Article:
ALSO READCong-NCP pact awaits nod from party leaders Maharashtra opposition says Gadkari 'helping Pakistan' by anti-Navy remark Furore as Maharashtra farmer who consumed poison in Mantralaya dies Parliament sees disruptions over Maharashtra violence (Roundup) Murder convict on parole commits suicide at Mumbai's Mantralaya
Unnerved by the spate of suicide attempts and a death after a man jumped off the Mantralaya last week, the Maharashtra government on Monday spread a safety net in its headquarters to prevent any more such fatal bids, officials said.
The safety net has come up on the second floor of the building's main lobby, which was the scene of suicide by a murder convict on parole, who jumped to his death last Thursday.
The safety net is similar to the one seen at construction sites of skyscrapers or even the ones used by trapeze artistes to prevent an accidental fall in circus performances.
Leader of Opposition in Maharashtra Council, Dhananjay Munder of the Nationalist Congress Party (NCP), grabbed the opportunity to poke fun at the government initiative by asking whether "Mantralaya has now become a circus ground".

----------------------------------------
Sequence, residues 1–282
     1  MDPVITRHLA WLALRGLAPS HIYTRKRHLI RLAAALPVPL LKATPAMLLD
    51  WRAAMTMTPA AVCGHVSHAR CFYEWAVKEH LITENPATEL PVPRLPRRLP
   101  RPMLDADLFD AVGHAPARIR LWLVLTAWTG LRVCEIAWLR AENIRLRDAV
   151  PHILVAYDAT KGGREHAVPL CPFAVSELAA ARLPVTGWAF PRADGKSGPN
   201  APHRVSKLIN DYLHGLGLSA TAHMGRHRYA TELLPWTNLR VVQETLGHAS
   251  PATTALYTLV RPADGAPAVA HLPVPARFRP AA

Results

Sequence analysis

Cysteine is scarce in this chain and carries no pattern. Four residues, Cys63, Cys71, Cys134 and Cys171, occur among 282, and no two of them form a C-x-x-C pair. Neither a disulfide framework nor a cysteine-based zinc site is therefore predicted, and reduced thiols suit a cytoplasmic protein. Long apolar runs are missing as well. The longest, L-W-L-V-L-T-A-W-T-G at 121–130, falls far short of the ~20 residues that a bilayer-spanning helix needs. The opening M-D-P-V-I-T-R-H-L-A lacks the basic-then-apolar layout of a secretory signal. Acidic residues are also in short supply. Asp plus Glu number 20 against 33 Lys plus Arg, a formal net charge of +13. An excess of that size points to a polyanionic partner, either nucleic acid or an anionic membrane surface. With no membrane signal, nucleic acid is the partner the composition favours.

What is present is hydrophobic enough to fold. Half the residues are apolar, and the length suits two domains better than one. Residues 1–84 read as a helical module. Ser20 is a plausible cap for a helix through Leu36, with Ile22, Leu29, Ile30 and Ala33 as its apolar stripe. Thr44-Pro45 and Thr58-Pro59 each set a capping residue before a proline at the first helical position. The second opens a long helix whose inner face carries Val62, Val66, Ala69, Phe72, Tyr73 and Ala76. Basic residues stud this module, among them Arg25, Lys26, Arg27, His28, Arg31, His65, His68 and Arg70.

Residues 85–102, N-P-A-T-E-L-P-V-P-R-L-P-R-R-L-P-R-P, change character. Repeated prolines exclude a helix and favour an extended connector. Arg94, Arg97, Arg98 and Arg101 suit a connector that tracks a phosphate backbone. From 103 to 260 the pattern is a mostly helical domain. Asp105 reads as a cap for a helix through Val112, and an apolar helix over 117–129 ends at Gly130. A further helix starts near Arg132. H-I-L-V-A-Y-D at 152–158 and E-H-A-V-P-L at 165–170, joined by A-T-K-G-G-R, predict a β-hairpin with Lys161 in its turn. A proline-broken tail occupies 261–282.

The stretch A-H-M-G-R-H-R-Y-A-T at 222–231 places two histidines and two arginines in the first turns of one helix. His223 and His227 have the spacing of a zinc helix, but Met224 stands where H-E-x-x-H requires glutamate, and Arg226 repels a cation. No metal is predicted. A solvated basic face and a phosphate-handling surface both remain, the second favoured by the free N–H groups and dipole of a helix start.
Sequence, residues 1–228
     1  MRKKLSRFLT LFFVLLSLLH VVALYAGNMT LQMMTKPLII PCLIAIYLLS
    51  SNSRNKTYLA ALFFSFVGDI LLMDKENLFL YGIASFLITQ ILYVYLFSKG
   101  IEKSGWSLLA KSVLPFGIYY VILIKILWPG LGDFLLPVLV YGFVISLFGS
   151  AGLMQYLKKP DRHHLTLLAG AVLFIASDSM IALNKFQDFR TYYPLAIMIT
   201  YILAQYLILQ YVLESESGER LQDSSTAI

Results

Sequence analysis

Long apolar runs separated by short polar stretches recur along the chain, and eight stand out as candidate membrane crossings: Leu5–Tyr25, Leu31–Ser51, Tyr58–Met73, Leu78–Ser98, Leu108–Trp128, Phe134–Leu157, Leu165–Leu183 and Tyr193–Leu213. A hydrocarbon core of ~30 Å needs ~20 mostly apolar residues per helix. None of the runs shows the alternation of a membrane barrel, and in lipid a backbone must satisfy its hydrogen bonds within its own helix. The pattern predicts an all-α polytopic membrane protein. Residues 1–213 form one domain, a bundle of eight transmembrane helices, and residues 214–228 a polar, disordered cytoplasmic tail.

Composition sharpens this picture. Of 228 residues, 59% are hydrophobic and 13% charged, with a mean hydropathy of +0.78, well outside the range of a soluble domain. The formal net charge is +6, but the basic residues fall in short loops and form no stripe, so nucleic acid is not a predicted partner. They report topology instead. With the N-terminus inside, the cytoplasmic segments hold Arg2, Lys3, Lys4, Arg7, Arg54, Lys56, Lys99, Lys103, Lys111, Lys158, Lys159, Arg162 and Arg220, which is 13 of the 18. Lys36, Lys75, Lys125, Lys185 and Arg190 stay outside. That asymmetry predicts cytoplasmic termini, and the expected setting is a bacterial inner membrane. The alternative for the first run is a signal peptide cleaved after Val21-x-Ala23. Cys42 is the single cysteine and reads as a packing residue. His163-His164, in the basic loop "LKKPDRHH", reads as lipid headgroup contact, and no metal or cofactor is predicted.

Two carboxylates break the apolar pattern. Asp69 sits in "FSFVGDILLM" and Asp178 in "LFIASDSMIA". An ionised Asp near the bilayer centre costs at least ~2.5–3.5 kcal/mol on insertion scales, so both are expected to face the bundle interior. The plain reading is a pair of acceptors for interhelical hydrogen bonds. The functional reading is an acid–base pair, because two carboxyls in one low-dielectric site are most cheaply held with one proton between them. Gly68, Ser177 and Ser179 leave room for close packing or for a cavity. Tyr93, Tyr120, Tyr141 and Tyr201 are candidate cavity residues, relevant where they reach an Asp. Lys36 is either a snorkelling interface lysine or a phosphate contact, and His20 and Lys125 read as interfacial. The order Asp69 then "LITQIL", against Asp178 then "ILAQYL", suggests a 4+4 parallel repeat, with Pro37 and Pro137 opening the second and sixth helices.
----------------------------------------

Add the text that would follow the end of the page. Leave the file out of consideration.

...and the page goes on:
"It's a good initiative, but the government should take preventive measures to eradicate the root cause of suicide attempts in Mantralaya," Munde said in a backhanded compliment.
The net is the first among various security options being contemplated at the highest levels to prevent suicide attempts inside the high-security zone in south Mumbai's Nariman Point.
In fact, in the past few weeks, the government was rocked by at least three suicide attempts in which two persons lost their lives.
Now, the government is planning to to permanently shut or barricade some windows on the top floors, erect tough grills at windows to prevent people from climbing onto the parapet walls and even restrict access to some areas like the topmost floors or the terraces in the building.
Even the huge daily inflow of visitors may be curbed by plans to set up a special desk outside the main building for people wanting casual access only to submit letters, memoranda or such work, without needing to actually meet ministers or bureaucrats concerned, an official added.
(This story has not been edited by Business Standard staff and is auto-generated from a syndicated feed.)